Hit the road to visit 6 Cape & Islands antique shops!
Check out these shops to find unusual and fascinating treasures
In today’s technology-driven world where many seem to live in a haze of Twitter updates and Instagram stories, one might find a sense of comfort in connecting with the days of old in a tangible way. Yes, #ThrowbackThursday can be fun, but it’s a lot different from actually finding a piece from the past in the real world.
With their collections of bygone treasures—each with their own stories—antique shops offer a foyer into the past. The pieces they sell can add unique character to a living space or take on new life as part of the history of a home. In this article, we highlight six antique dealers on Cape Cod and the Islands that specialize in finding, restoring and introducing to customers one-of-a-kind pieces from the past.
Like the items housed within, the building that is home to the Sandwich Antiques Center on Route 6A carries its own unique history: the structure previously served as the Yankee Clipper restaurant, then the Baretree Inn during the mid and late 20th century. With 5,500 square feet of retail space, the store offers the broadest selection of antiques on the Cape, says owner Paul Dobson. “Basically,” Dobson says, “our criteria is: one, is it interesting? And two, is it quality?” Antiques in the shop date from the 1700s to the mid 1900s and include everything from Sandwich-made glass, to a 600-piece inventory of vintage lighting. “That,” Dobson says of the light collection, “is worth coming in to see all by itself.”
Continuing along Route 6A, one finds Eldred’s Auction Gallery in Dennis, owned by Josh Eldred, Mary Ann Eldred, and John and Susan Schofield. Josh Eldred, whose grandfather founded the company in 1952, says the third-generation business is the oldest antiques auctioneer in New England, and the company specializes in antique Americana, marine, Asian and other types of artwork. “As often as we can, we try to offer ‘fresh’ merchandise,” Eldred says, “things that haven’t been in the market over and over again but are new, exciting discoveries.” Upcoming auctions include a contemporary art sale on Thursday, August 10, featuring paintings by Provincetown artist Anne Packard; and Eldred’s 50th annual Asian art sale, August 22-26.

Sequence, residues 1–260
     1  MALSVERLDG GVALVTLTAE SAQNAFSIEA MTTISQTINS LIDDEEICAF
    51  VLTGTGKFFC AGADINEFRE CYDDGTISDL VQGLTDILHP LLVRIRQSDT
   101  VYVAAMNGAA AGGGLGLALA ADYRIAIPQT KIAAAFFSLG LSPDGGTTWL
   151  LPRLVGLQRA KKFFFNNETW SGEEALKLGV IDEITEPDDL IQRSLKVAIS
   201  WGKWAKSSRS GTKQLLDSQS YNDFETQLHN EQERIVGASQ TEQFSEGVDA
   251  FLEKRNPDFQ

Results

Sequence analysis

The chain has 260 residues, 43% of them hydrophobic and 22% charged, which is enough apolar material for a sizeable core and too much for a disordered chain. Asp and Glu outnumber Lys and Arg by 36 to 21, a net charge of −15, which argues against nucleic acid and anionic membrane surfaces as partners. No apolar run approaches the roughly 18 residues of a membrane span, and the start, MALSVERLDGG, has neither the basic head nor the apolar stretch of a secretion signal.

On the Lower Cape, antique enthusiasts will also enjoy Kahn Fine Antiques on Main Street in Chatham. Owner Richard Kahn says customers might get the feeling they’re aboard a 19th-century luxury yacht while browsing in the shop. “When we designed the building, I wanted the place to feel nautical,” Kahn says. That makes sense as the company focuses on maritime antiques such as telescopes, sextons, naval officers’ swords, maps and scrimshaw pieces. The first floor of the gallery, done in solid mahogany, features a vaulted barrel ceiling with ship slats, and a balcony above gives the look of a ship’s bridge.
For more seafaring finds, visitors can set a course to Yesterday’s Treasures on Provincetown’s Commercial Street. Owners Jay Gagne and Jack Delmond keep their 750-square-foot shop stocked with collectibles, many of which are connected to Provincetown’s whaling history. Maps, historic documents, and harpoons and other fishing equipment from days’ past are just some of the treasures on hand. Customers will also find Chinese exports and Japanese imari pieces that whalers brought back to P-town in the early 1800s. “We’re always adding new stuff,” Delmond says. “It’s a very interesting, very eclectic mix.”
For those who fancy antiques from the United Kingdom and other areas of Europe, Tonkin of Nantucket might be just the spot. In business since 1970, Tonkin has one of the largest collections of European antiques on Nantucket, with 10,000 square feet of showroom space. Each year, owner Robert Tonkin spends three to four months across the pond searching for new and unique finds to bring back to Nantucket—from English country furniture and silver and brass accessories, to old-fashioned medical instruments, Staffordshire figures and pub signs. “We might have more English pub signs than anyone else outside of England,” Tonkin says. “They are so colorful, and they have great history behind them.”
At Past & Presents on Martha’s Vineyard, there’s always something old and something new in both of its stores on Main Street in Edgartown. “We have a little bit of everything,” says Bev Fearey, who owns the two-shop business with Jane Norton. “It’s nice to mix it up.” Fearey and Norton also travel to England every year, in search of furniture—like Victorian bamboo—and accessories such as biscuit barrels and china. They visit Atlanta as well to acquire more contemporary pieces, including lamps and placemats. Past & Presents even sells hurricane glasses and etched glassware specially made for the store by Vineyard artisans.
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